As real and authentic as they come, ‘Promised Land’ is a tear-jearker, let me tell you. Sung from the perspective of a persona who’s working just to make ends meet, we see this question being asked, of when’s someone’s promised land, and if it’s coming now, this side of heaven, or the next. The song was actually inspired by Toby’s grandfather, a former Wyoming County miner who passed away of Black Lung disease, and how the song was phrased, depicts a scenario where the persona (maybe even from the perspective of Toby’s grandfather himself) longs for a promised land to be realised for himself, wanting things to change, but also realising that maybe the promised land won’t be in the here and now. A song that allows us all to have empathy for those who work twice as hard as us (and maybe receive twice as little in return), we are called to help those less fortune, and this song can hopefully allow our eyes to see far beyond just our own little bubble, to see and understand that our lives ought not to be as comfortable as we make them out to be- our grandparents had a harder life than us, and so our gratitude and appreciation ought to reflect such a sacrifice they put in, so that we can reap the benefits of the work. It is because of the impact and meaning this song ‘Promised Land’ has had on Toby himself, that he shot the music video of the song in Toby’s grandfather’s hometown of Glen Rogers, as well as the Beckley Exhibition Coal Mine. The song itself makes a parallel between the promised land in Exodus, when God made the Israelites wait for quite some time (I believe it’s about 400 or so years). We then see Toby sing either about himself or about his grandfather, asking the question of where the promised land is- for himself, for his family and friends who have been toiling and working really hard, even asking the question for us all, who have been in some sort of mundane autopilot pre-COVID-19, and now we need to re-evaluate and re-align; which I hope this song allows us to do.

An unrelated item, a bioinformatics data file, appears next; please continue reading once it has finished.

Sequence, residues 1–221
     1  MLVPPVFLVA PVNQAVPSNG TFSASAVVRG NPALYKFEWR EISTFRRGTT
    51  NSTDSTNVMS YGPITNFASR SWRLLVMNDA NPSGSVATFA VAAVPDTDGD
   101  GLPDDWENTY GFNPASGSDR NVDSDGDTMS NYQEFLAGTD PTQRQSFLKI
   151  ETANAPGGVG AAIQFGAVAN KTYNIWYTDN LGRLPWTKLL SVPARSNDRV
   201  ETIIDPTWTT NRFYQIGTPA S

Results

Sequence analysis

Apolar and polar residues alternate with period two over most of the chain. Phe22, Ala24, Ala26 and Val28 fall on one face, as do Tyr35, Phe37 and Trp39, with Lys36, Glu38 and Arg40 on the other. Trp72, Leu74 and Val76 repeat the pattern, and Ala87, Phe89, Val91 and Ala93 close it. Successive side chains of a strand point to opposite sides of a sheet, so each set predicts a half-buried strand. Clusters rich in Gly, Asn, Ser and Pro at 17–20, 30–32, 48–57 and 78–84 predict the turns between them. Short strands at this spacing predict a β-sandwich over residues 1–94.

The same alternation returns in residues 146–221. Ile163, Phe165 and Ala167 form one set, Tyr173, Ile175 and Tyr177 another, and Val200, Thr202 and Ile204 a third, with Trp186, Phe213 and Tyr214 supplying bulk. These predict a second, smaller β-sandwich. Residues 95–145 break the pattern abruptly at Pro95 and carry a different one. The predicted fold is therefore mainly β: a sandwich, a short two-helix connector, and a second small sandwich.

Toby’s new song is one of hope and poignancy, and one that can maybe call us into action, too. As we as people living in this COVID-19 world need to ask ourselves where our promised land is, hopefully Toby can bring us into a space where we can be ok with asking the hard question of where our promised land lies, and who it lies in, and if we don’t know where, then why not, and maybe we should just start going on that journey, sooner than later. A song that can hopefully tie us over until the next album release (whenever that occurs), Toby in his own right, is one of CCM’s most accomplished and heartfelt, and an icon not just within the confines of CCM, but in the wider, broader music community at large as well. An artist who is almost certain to continue to make music well into his 60s (if his energy and enthusiasm is still going, then why not?), Toby’s enthusiasm in his songs, is what sets him apart from a lot of his contemporaries. Rarely do you see someone in his 50s, in any music genre, have as much joy and charisma as Toby has right now. Well done Toby, for ‘Promised Land’, can’t wait for an album release…whenever that may come? Or is it another single release, in the next few months ahead?
RIYL: Newsboys, Audio Adrenaline, Kevin Max, DC Talk, Aaron Cole, Hollyn, Ryan Stevenson